Who Will Remember You?
A Philosophical Study and Theory of Memory and Will
Israel B. Bitton
Memory. A word so often said, often thought of, and continuously studied. Yet, we know relatively so little other than how vast and magnificent it is. In Who Will Remember You? A Philosophical History and Theory of Memory and Will, Israel B. Bitton, offers an interdisciplinary perspective that unifies philosophy of memory with history, neuroscience, culture and ethics, yielding novel insights into the elusive phenomena of memory, namely its universality. Bitton posits that the current and typical “misunderstanding of memory” stems from over-specialization in scientific research, a compartmentalization that does not support reaching holistic conclusions which are necessary for fully appreciating the totality of memory phenomena. No longer should memory be thought of as residing only in the brain, for the body is known to have memory too, but neither should it be thought of as exclusively human since it inheres in all matter as a physical and biological fact. Indeed, Bitton extends the philosophical and practical meanings of memory furthest in great detail, employing the latest research in neuroscience to support his case.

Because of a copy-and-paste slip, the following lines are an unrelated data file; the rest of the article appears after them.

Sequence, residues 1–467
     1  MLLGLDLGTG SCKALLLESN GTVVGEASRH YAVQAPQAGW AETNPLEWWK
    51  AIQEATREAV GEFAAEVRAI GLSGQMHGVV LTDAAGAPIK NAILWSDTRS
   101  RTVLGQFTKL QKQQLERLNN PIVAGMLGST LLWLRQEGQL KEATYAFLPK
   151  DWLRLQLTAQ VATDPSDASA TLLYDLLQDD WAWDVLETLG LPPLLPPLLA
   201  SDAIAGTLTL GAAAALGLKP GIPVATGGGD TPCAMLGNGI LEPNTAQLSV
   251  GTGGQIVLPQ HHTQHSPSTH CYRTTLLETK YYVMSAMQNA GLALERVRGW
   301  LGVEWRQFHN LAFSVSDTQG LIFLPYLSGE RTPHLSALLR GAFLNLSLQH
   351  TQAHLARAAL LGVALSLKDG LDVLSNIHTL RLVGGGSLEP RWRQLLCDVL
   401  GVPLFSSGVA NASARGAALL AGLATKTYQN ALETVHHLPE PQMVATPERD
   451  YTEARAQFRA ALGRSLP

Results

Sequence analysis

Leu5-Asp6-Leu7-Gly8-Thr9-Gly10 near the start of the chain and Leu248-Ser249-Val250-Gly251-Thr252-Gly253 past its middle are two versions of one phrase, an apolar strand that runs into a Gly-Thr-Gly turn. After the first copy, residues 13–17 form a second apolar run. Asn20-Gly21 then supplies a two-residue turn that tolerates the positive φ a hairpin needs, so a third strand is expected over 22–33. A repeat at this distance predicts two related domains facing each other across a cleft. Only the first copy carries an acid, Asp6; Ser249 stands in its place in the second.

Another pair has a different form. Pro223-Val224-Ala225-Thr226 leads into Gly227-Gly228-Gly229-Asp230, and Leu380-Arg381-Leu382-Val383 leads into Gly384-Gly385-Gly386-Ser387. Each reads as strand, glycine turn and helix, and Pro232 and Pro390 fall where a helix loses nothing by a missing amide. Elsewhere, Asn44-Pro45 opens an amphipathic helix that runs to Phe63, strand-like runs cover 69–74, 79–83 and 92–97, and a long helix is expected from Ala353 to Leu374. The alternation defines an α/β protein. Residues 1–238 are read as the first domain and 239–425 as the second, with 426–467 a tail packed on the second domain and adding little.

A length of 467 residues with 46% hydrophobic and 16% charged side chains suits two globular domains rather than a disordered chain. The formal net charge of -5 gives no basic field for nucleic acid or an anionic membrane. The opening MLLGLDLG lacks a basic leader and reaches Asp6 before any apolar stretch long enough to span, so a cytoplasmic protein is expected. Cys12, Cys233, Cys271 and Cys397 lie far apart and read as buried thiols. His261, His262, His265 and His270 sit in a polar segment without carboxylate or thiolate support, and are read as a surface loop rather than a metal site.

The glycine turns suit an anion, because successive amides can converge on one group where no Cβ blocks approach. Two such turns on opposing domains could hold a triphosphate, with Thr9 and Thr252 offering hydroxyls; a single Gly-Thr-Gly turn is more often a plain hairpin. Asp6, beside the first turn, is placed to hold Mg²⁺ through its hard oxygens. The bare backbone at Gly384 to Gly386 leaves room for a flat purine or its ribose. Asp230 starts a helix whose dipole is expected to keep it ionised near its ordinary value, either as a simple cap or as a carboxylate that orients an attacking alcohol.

In this work, Bitton traces the kernels of these ideas from the ancient Egyptians and Israelites all the way through to the modern period in philosophy, science and popular culture, demonstrating that his philosophical formulation has always been and remains accepted de facto by society as can easily be detected in various social trends. Upon offering his holistic account that considers the magnitude of memory phenomena across several disciplines, Bitton presents a novel theory that postulates the primary human drive as categorized by a will to significance, which, because of the universality of memory becomes a will to memorability. By placing the individual at the center of their own memory-reality, they can be empowered to safeguard, enhance, and extend the universal force of memory within and around them.
From that vantage point, this book provides its audience with ideas meant to provoke and incite the readers’ own reflections on memory’s meaning and import as well as what it takes to be an ethical “memory agent” in an era of hyper-fake news.